Two years ago, the General-Delegate of the Cannes Film Festival, Thierry Fremaux, was angry that journalists were tweeting about movies even as they were watching them during exclusive Press shows. He called this irresponsible journalism, and felt that such quickies dashed off in the social media or web papers without any considered thought or reflection would do more harm for a film than good.
I think he was absolutely right, and all the more so, because Cannes can be a cruel venue for a producer or a director or an actor. A movie that gets ripped apart carries a black mark which is not easy to erase. And, I thing it is awfully unfair for a filmmaker that his creative work should be dealt with in such a casual and callous manner. It costs lots and lots of money to make a movie, and humongous effort as well. And a film needs some consideration.
So, I am not surprised that Cannes, which is all set to roll its 71st edition this May on the French Riviera, is planning some radical changes. One of them – to begin the 12-day annual event on a Tuesday, instead of a Wednesday, and end it on a Saturday, not the customary Sunday – has already been announced.
The other change that is being mulled over is to have both the Press show and the first public screening, (which is usually an evening black-tie gala) at least for the big titles at the same time. This can soften the blow for a movie which might have got a drubbing from critics who would have seen it earlier on the day of the public show. I suppose this helps prospective buyers, festival programmers and others to walk into a public screening with an open mind, not one that may have been vitiated by an adverse Press.
Bad Press is a strong possibility, given the kind of tough film critics who assemble at Cannes, and there are 4000-plus there. And so many of them can be tweeting their reviews even as a movie is rolling. Really unfair. But how do you stop them? One way is to ensure that critics watch at least the big films along with the general public, largely made up of industry professionals – as is the case at Cannes.
Some time ago, Fremaux quipped at San Sebastian: “We are living in a new world. The Press used to have a screening 24 hours before the public show, because they needed time to write their articles and then for it to be published. Now, we are living in 2017, when everything is instantaneous.”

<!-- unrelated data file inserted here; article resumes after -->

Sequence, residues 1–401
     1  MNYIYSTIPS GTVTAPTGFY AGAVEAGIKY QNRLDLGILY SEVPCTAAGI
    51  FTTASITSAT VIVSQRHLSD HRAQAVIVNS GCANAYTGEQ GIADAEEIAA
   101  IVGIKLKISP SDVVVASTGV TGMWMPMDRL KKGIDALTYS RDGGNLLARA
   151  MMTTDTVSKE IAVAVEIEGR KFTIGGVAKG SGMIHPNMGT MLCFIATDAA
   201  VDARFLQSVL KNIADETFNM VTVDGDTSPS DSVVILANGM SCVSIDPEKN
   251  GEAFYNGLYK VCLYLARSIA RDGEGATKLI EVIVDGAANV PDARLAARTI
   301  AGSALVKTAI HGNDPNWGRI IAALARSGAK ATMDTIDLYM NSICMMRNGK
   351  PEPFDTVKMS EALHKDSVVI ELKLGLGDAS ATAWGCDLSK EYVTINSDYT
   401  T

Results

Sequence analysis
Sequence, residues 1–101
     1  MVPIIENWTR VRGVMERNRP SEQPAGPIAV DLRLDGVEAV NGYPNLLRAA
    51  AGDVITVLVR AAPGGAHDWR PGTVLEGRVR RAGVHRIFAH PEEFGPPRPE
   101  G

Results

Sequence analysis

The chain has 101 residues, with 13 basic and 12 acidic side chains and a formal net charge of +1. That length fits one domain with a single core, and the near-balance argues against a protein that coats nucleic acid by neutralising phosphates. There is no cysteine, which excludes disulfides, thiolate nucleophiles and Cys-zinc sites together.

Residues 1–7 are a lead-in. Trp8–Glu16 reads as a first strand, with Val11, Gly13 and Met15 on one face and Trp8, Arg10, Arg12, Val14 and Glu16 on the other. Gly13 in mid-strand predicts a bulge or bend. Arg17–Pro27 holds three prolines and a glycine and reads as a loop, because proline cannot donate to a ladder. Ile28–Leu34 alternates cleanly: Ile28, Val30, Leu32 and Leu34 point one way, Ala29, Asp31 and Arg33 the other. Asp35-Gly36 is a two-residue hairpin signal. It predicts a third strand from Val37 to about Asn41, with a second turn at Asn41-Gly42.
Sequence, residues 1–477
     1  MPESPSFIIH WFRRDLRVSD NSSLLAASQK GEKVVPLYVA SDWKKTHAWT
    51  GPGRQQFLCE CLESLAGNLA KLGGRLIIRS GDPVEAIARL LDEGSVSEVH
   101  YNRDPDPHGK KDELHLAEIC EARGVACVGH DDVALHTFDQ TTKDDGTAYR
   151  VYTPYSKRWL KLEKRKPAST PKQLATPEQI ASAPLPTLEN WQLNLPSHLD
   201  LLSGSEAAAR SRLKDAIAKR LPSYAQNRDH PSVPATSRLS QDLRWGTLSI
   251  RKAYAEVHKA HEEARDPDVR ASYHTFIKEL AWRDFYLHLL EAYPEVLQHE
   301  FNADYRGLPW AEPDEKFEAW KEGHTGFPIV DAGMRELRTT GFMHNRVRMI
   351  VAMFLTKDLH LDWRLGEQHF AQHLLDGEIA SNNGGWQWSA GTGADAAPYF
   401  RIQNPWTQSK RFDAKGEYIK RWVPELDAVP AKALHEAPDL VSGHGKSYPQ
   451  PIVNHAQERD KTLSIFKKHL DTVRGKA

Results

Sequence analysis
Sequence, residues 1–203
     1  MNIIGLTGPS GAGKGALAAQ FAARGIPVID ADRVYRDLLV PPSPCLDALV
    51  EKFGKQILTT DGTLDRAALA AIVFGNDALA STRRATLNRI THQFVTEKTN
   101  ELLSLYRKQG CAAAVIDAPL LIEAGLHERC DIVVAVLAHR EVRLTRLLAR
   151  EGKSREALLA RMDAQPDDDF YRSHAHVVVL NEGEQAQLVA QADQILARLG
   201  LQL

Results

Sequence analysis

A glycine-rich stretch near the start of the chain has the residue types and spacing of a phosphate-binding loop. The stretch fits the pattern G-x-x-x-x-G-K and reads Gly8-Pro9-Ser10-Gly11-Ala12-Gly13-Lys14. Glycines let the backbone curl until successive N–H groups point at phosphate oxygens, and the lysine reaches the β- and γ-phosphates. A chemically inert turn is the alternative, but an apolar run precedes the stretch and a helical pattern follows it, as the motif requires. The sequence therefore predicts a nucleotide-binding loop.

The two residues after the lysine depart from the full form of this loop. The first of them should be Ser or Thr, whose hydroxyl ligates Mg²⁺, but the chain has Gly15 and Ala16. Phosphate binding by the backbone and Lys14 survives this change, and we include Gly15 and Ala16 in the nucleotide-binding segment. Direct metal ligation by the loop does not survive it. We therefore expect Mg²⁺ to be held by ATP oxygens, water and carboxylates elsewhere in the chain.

He said that he had already made up his mind on this issue even if it was still being debated in the boardroom of the Festival: “I’m asking the question, and of course I have the answer, but don’t you think that it could be better to have the Press screening and the gala screening on the same day, at the same moment, at the same hour, in order for the movie team to arrive in total innocence, to make both the gala screening and the Press screening two big world events.”
I know having covered Cannes for 28 years how toxic Press shows can be. They are famous for loud booing. And high-profile Competition works can be savaged. I have seen how Sean Penn's The Last Face, Gus Van Sant's Sea of Trees and Vincent Gallo's The Brown Bunny were torn to shreds by a ruthless Press. At least one of Shaji N Karun's films was humiliated when just about everybody walked out a Press show.
“The atmosphere at the Press screening can be awful, everybody knows that, and it’s journalists who complain the most about that. So, I prefer to have the gala screening with the audience – and that the audience can also be very tough – and the Press show at the same time and then to compare the two, so it’s a pure world premiere, “ Fremaux averred.
He added that the time was now right “because we are opening a new decade in Cannes (71st edition), so we have to think about the future. We are wondering what Cannes has to be in order to be efficient, even for the Press, because Cannes is made by the Press, it’s very important for me, that’s why I like to argue with them.”
However, the media is apprehensive about such a drastic change. This can mean missing deadlines for some papers. And some journalists suggested that the Festival could place an embargo on reviews. But this is easier said that done – what with hundreds of social sites and errant critics.
Even the Oscars failed to achieve this once. There was a time long ago, when the Academy of Motion Picture Arts and Sciences shared the names of Oscar winners with the Press before the actual awards ceremony. The Press was asked to abide by a strict embargo – not to publish the list until it was officially announced.
But one paper broke this trust, and the rest suffered, because the Academy stopped this privilege of giving the winners list to the Press in advance. And mind you, this misdemeanour happened during those times when there were no mobile phones, no internet and no social media. Today, with all these at one's beck and call, it may be no easy task to reign in critics.
This year, the Cannes Film Festival will take place from May 9 to 20.
(Gautaman Bhaskaran is an author, commentator and movie critic who has covered the Cannes Film Festival for 28 years, and he may be e-mailed at firstname.lastname@example.org)